But be no florist, love,—nor deal in Botany.

XLVI.
I'mention this, because I know some ladies

Whose conversation is almost a bore;
But I should laud them, as the Poet's trade is

So wont pursue this topic any more.
Return we to our tale, which, I'm afraid is

Too long in telling—but it's nearly o’er:
Godiva turn'd at last, with looks imploring,
And found her husband (like my reader) snoring.

XLVII.
Too well she knew to wake him would be vain ;

She thought 'twas best to let him slumber on,
Or else his humour might relapse again,

And all she had effected be undone.
She lay, and commun’d with her heart and brain,-

Her thoughts I know not, but when morning shone,
She told her husband, with a steadfast eye,
She had revolv'd the matter and would try.

* This line contains a violent confusion of metaphors. For "path" I would read plate."

“ May nought
That tastes of sorrow in thy plate be flung.".

W, ROWLEY.

XLVIII.
Her speech on this occasion I'd recorded

In my foul copy, and we all agreed *
That it was most astonishingly worded,

For one who never learnt to write or read ; Yet scope for mirth it might have well afforded

To modern misses of our British breed; And grave blue-stockings would, no doubt, have said “ Godiva's heart was better than her head..

XLIX. Had she at some snug boarding-school been placed

Of modern growth for female education, She would have had a most uncommon taste,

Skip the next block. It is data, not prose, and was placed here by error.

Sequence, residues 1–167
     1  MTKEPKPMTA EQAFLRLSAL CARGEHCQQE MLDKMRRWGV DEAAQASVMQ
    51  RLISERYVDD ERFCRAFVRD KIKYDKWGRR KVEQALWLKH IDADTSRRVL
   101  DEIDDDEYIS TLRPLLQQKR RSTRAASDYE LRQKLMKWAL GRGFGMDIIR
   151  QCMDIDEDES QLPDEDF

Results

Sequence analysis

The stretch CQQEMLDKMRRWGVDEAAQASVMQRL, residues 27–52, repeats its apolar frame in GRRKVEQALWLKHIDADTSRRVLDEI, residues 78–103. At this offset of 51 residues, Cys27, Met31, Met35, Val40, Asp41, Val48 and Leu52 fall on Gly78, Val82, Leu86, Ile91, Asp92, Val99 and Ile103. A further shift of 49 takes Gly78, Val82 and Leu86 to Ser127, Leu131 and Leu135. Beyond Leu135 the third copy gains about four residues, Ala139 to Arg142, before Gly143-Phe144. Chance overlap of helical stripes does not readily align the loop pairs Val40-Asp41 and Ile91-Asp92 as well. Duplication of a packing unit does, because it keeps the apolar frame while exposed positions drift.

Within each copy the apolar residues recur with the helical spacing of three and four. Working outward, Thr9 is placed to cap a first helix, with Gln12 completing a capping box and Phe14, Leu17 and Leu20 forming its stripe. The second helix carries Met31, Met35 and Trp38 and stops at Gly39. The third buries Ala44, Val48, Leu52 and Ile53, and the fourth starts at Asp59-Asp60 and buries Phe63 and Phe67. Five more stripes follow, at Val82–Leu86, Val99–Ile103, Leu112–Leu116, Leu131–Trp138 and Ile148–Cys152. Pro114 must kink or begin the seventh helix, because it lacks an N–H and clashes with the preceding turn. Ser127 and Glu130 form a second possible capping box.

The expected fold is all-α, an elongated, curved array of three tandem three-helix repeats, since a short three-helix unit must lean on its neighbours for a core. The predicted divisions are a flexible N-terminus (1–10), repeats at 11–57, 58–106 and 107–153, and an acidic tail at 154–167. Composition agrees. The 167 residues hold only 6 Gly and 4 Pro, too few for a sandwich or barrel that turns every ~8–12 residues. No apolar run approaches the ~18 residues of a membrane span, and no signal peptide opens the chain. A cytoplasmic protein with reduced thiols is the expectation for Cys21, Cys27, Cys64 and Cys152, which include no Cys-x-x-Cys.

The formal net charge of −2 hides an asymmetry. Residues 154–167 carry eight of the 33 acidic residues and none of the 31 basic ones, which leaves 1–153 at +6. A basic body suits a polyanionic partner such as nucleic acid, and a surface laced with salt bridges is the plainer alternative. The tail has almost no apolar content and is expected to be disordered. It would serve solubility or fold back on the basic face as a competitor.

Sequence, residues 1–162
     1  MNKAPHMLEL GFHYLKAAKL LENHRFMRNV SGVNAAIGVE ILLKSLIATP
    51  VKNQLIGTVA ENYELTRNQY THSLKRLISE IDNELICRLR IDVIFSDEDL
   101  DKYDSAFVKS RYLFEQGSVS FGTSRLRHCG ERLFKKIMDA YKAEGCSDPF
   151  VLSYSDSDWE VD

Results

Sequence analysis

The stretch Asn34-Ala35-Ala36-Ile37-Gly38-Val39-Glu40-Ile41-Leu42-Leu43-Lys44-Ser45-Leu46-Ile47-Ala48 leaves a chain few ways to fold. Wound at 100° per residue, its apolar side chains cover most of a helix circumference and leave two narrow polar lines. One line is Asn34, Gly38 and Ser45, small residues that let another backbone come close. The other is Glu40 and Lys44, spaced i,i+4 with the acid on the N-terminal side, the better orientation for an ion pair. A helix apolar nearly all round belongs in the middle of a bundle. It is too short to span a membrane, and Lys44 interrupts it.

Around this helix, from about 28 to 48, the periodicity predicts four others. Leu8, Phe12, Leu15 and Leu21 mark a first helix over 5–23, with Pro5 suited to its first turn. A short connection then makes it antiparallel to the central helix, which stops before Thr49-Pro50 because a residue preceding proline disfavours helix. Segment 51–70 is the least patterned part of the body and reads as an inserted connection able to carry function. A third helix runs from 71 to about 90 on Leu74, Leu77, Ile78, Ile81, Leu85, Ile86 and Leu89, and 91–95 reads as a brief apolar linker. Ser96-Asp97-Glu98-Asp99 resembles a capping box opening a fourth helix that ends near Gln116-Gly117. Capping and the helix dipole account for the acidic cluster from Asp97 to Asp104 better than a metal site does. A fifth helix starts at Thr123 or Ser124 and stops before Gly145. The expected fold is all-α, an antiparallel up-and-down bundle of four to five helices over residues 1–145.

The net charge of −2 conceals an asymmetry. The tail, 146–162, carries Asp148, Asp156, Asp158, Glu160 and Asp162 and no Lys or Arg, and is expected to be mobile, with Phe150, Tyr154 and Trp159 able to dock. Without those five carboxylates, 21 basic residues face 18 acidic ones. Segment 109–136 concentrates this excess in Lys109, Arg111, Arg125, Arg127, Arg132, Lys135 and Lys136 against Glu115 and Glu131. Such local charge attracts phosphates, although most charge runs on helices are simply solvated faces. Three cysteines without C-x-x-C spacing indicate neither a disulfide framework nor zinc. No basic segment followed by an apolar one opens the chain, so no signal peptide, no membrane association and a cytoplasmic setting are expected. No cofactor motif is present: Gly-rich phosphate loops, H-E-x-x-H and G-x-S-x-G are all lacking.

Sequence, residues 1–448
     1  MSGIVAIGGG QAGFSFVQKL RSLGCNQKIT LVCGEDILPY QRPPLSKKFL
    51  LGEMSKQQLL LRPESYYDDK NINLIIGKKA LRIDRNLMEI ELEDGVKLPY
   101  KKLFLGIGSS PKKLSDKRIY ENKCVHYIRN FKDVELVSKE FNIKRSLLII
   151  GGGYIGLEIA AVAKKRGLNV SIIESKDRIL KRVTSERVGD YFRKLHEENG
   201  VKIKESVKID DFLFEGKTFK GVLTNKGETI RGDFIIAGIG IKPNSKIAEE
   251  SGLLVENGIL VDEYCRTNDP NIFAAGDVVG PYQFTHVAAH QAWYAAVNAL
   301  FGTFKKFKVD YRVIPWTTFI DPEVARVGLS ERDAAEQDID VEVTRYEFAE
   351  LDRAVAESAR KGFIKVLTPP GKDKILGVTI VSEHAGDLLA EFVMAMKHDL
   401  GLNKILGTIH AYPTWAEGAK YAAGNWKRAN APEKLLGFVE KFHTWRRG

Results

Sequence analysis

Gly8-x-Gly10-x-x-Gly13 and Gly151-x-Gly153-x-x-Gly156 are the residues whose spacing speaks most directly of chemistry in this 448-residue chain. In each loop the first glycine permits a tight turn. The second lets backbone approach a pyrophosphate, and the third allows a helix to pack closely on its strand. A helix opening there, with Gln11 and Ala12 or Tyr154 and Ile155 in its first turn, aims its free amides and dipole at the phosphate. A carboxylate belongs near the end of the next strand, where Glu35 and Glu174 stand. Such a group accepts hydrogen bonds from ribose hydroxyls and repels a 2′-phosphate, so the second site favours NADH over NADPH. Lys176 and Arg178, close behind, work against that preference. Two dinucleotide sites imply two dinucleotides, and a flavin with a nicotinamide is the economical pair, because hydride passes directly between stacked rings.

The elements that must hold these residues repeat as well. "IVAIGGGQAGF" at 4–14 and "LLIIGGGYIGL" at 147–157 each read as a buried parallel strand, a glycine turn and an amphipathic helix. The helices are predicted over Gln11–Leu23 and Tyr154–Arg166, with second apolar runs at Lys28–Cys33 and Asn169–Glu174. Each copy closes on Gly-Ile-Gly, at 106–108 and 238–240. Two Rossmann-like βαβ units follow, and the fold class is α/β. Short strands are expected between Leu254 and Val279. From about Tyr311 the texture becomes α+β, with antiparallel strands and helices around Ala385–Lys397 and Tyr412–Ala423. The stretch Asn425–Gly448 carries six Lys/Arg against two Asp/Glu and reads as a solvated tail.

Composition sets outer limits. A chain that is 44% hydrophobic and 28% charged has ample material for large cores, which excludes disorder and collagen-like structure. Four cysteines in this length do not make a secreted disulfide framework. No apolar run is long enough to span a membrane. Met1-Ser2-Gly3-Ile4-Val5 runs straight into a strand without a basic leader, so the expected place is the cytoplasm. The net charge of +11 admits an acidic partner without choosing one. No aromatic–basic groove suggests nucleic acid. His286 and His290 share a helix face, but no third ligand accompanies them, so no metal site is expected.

And I might now have printed her oration. Her native genius she would then have graced

With stores of every sort of information,
And had, at twelve years old, more general knowledge
Than boys of fifteen gain at Eton College. !!

L.
She turn’d and left his Lordship sore perplex’d,

He almost question’d if he was awake,
And knew not whether to feel pleas'd or vex'd ;

Still less, what step it would be right to take.
He 6 wonder'd what the Devil she'd do next

Who could so bold a resolution make;"
And felt a sort of shame that he'd consented,
And, for the first time in his life, repented.

LI.
But then he felt he never could retract,

(At least he would not--which was much the same) And if his wife thought proper thus to act,

He could'nt help it-he was not to blame!
So that day, after breakfast, off he pack'd

A Trumpeter (I quite forget his name)
To tell the people, in the market-place,
His wife's intention--and his own disgrace.